Niagara Gazette — But in spite of his ability to mingle with the hierarchy, A.B. remained a humble, common man.
Perhaps more than anything else, A.B. was compelled to serve.
Active in his church as a Deacon, as a dedicated member of Rotary International, a long-time member of the Electric City Lodge, or President of the Black Pioneers, A.B. relished the idea of service above self; he was often the first to arrive and the last to leave any event or function that he committed to whether it was ringing the Salvation Army bells in the bitter cold, distributing dictionaries to school children or handing out bibles to anyone who needed an encouraging word, A.B. was there.
Like his father, A.B. enjoyed cooking, especially barbecuing. He was widely known in Western New York for his famous Ox roasts, pulled pork sandwiches and of course, his scrumptious, “finger lickin’ good, baby back ribs.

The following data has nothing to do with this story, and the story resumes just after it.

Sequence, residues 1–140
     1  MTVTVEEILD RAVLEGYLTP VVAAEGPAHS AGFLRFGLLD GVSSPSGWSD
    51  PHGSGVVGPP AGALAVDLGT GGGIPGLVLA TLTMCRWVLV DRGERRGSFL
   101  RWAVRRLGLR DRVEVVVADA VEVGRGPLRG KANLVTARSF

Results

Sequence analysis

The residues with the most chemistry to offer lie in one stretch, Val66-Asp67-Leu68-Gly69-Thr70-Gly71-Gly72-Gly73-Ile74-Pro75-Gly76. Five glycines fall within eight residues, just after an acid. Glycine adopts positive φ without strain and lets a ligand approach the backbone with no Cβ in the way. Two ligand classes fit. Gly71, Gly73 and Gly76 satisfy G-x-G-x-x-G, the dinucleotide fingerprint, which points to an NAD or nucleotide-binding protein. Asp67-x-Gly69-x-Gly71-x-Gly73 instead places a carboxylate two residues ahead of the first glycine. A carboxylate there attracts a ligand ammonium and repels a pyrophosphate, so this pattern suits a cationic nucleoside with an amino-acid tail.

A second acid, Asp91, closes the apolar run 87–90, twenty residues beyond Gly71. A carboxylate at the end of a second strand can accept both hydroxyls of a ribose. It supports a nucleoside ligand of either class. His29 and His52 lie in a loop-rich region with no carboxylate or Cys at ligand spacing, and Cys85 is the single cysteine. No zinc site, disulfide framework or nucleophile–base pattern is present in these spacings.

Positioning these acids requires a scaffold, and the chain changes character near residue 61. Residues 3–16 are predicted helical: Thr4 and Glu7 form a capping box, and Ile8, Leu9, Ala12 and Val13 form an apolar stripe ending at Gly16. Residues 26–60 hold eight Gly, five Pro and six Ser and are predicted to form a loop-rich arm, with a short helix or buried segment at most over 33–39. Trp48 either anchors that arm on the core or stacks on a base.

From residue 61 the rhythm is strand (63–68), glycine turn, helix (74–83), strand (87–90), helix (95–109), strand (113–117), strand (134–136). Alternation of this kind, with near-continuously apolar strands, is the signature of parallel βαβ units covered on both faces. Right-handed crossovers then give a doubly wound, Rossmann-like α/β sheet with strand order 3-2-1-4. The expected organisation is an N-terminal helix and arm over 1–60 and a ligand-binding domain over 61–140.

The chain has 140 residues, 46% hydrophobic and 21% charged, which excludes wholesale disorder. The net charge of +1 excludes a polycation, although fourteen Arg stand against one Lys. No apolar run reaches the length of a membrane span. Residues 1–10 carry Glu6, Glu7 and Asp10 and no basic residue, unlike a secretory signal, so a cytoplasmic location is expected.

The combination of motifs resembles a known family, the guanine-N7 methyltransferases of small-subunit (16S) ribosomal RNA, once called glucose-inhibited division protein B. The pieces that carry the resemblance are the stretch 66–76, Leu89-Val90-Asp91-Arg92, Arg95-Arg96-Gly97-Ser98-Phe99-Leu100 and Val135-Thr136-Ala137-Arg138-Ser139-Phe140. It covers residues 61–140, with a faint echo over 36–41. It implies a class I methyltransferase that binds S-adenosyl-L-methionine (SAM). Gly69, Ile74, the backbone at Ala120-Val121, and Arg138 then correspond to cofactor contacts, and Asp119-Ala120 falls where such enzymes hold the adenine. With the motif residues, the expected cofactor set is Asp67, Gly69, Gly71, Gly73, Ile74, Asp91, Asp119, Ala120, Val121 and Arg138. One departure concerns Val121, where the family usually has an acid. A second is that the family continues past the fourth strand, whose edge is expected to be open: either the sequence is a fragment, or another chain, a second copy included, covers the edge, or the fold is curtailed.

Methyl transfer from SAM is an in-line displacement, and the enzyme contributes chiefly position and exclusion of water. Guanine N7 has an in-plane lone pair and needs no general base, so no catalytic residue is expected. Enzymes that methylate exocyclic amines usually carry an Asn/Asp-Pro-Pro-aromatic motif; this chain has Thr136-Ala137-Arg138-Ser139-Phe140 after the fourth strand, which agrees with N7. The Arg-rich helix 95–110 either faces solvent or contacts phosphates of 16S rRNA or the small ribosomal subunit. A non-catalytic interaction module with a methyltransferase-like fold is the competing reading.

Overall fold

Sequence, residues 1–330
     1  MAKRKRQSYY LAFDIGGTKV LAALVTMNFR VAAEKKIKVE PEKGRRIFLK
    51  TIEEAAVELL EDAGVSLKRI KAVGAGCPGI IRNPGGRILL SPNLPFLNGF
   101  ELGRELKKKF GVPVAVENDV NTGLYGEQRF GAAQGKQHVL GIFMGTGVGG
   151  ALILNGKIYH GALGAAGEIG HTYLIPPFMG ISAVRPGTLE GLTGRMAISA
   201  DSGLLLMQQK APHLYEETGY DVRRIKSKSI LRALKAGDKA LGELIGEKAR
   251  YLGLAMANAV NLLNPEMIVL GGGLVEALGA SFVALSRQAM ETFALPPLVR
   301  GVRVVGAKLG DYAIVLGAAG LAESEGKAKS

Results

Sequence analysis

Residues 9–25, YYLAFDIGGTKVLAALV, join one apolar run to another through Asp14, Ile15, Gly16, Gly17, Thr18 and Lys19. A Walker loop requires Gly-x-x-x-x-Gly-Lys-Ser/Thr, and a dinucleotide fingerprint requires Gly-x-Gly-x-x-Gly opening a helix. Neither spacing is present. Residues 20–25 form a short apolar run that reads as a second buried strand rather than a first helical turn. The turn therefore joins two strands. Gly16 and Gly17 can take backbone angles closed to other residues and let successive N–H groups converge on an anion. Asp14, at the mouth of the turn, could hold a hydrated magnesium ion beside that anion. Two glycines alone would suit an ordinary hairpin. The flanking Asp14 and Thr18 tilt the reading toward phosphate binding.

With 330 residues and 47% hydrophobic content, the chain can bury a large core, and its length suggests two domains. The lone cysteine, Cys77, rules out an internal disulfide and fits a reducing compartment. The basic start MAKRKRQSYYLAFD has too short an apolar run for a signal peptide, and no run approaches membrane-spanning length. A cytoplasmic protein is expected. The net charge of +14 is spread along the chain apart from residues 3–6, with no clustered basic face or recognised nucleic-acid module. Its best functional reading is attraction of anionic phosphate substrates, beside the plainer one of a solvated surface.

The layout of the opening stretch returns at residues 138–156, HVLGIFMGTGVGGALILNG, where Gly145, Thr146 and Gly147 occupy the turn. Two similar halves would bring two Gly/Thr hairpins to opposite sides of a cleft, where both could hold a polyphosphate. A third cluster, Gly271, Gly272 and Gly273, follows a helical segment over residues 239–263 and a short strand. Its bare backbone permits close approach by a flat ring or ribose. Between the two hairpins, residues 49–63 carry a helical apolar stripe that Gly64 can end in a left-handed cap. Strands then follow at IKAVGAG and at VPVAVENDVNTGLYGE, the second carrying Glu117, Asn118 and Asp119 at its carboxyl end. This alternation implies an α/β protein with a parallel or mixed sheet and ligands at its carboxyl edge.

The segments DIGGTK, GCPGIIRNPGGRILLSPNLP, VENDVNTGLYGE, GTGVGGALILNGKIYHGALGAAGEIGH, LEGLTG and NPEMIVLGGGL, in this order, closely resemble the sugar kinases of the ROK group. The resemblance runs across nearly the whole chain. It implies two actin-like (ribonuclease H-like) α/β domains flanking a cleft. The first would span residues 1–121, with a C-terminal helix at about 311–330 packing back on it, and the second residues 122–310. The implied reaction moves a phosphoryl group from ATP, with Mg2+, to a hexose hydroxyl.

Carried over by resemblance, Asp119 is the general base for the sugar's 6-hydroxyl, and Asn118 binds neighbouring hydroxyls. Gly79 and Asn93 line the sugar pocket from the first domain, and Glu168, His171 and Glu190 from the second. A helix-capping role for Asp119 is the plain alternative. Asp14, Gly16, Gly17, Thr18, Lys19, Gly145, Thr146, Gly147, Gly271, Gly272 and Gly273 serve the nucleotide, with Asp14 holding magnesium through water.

He told me more than once that he did it because he liked to see the joy that a good meal can bring to a person.
He loved the game of baseball, as a serious player in his younger days, and as a very serious fan when he got older. I had the honor of traveling with him to many good games in Baltimore, New York and Toronto. Once while sitting next to him in the bleachers at a Yankee game, I noticed that he was smiling contently with his eyes closed.
I nudged him and asked if he was alright, “Billy”, he said, “It doesn’t get any better than this…” I left him alone, closed my eyes and enjoyed the rest of the game.
As I have said here before, in addition to everything else, A.B. was a serious historian; few know, remember, or will ever know some of the people and real stories behind some of the most fascinating recent history of Niagara Falls the way he knew it.